One thing is certain. If you have an address on Na Příkopě, you are certain to escape the sad fate of those palaces which happened to find themselves on the periphery due to historical circumstances. Slovanský dům is situated right in the heart of a bustling city on one of the most expensive boulevards in the world, a place which all of the guidebooks describing Prague make a beeline for. This means that all of the tourists do find their way here, but not all of them make a full-on assault on the place. And that is a lucky thing, because its medieval foundations need not necessarily be able to handle that sort of onslaught. The more curious however are not satisfied looking at the well-maintained facade or the radiant windows of the shops here and step inside.
Those who find themselves inside will be immersed in the opulent luxury of this splendid property and also in the history of the building. That is almost palpable here. The perceptive visitor will sense that this place artfully hides not only state-of-the-art technology but that at some time down below, under the ground, there could for example have been a dungeon under the Gothic arches. Cheese was produced here at the end of the 14th century, armour may have been stored in the building at the start of the next and Jan Žižka even lay down to sleep here. The building changed hands several times over the years, the owners ranging from artisans and knights, all the way through to noble lords.
Major change came at the end of the 17th century when Jan Bartoloměj baron Vernier de Rougemont became the new owner. He was an imperial cavalry captain and lord of Lipnice and Světlá nad Sázavou who converted two town houses into a Baroque palace. The facade preserved to this very day is the work of the Prague-based architect Filip Heger and dates back to 1797. The building probably experienced its greatest social boom during the second half of the 19th century, when it was acquired in 1873 by the Deutsches Kasino society and you would have been a pariah among the Germans of Prague if you had not at least occasionally visited the “German” building to go to the casino, to enjoy some good food or to attend a political meeting of nationalists. Take note, not much Czech was spoken here at that time. After World War Two, the building was expropriated by the state and paradoxically renamed “Slovanský” or “Slav”, although its purpose did remain roughly the same for the next forty years under the communists: a restaurant, parties, balls, dance lessons, conferences and those meetings.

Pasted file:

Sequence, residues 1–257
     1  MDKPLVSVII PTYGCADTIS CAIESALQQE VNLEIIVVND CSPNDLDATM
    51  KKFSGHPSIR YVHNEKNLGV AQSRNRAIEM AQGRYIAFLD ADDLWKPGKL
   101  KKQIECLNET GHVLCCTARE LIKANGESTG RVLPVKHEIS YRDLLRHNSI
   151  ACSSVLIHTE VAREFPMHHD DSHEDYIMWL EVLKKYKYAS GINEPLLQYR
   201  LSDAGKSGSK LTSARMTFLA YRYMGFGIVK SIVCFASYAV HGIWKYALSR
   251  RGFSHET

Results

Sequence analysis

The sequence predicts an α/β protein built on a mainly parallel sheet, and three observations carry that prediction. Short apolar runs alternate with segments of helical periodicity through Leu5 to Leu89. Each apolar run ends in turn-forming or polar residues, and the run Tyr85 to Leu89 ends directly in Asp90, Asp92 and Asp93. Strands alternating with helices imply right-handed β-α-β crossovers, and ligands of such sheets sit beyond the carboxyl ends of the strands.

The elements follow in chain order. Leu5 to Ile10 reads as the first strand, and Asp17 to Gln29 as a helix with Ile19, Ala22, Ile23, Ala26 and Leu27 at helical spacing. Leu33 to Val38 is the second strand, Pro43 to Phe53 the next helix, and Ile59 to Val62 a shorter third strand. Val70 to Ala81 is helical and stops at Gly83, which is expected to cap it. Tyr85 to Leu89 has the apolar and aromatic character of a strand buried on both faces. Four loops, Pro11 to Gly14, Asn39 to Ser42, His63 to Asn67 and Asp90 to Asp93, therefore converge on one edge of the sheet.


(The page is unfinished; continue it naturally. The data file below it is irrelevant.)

In the end, the Baroque style predominated over various architectural alterations (after the then owners, the building is to this very day registered in heritage records as Vernierovský). The current Baroque-Art Nouveau style, including the three administrative buildings which have been added dates back to the turn of the millennium and cost more than a billion crowns. Helping to create the unique nature of the whole complex since the end of the 17th century is the French garden, the only vestige of green left in the bustling development of the New Town of a time when only a few buildings were surrounded far and wide by dikes, gardens and plains.
The Slovanský dům of today is first and foremost a multifunctional centre. It combines high-quality services in the form of luxury boutiques and a number of stylish restaurants offering international cuisine, a cafe, a wine bar, a hairdressing salon, a massage parlour, a dental surgery, premium office space and apartments with a unique view. You will find here in the historical centre, the only multiplex in Prague with ten screens, and will feel like you are on a trip back to the start of the last century in the Empire Hall which is decorated in an Art Deco style, a place where all types of social functions are held.
The ambition held by the management of Slovanský dům is to make this palace more than just an attraction for foreigners and a pleasant place to do business. They want the people of Prague to go there too, people who know that they can take a shortcut through the recently revitalised Baroque garden from Senovážné náměstí to Na Příkopě. And when they pass through, they want them to have a rest in the inner courtyard under sycamore trees hundreds of years old which still remember times when the Russian commander Suvorov stayed here in 1799 awaiting renewal of war with Napoleon. So why not relax and feast your eyes on the “Subtile” installation by the Czech-Argentinian artist Federico Díaz or the original steam fountain while enjoying a coffee or ice-cream? Or why not experience the garden decorated in Christmas lights where you can enjoy some special mulled wine in a heated see-through igloo?
Slovanský dům combines the past and the present into one unique whole, a place which has no equivalent in Prague. It is located in an imaginary triangle which joins three squares: Václavské – Staroměstské – Republiky. Na Příkopě on its perimeter is one of the busier streets and you will not find any peace and quiet there. But it is precisely this which the large building at number 22 is able to offer. And most certainly a lot more. Step inside and you will see. A Japanese proverb says that: “Happiness likes to visit a house where goodwill reigns.” Here you have one.
As we said at the start: Slovanský dům has the undeniable advantage of being a place which everybody ultimately finds their way to. Many people do of course pass by without noticing it, but that can be avoided too. See this as an attraction and as the icing on the cake: those who truly want to see “what lies below” have the option of exploring the underground tunnels – service tunnels which lead for dozens of metres below the historical centre of Prague. The underground route along the service tunnels ends up directly in the shopping arcade of Slovanský dům. There is no escape from there.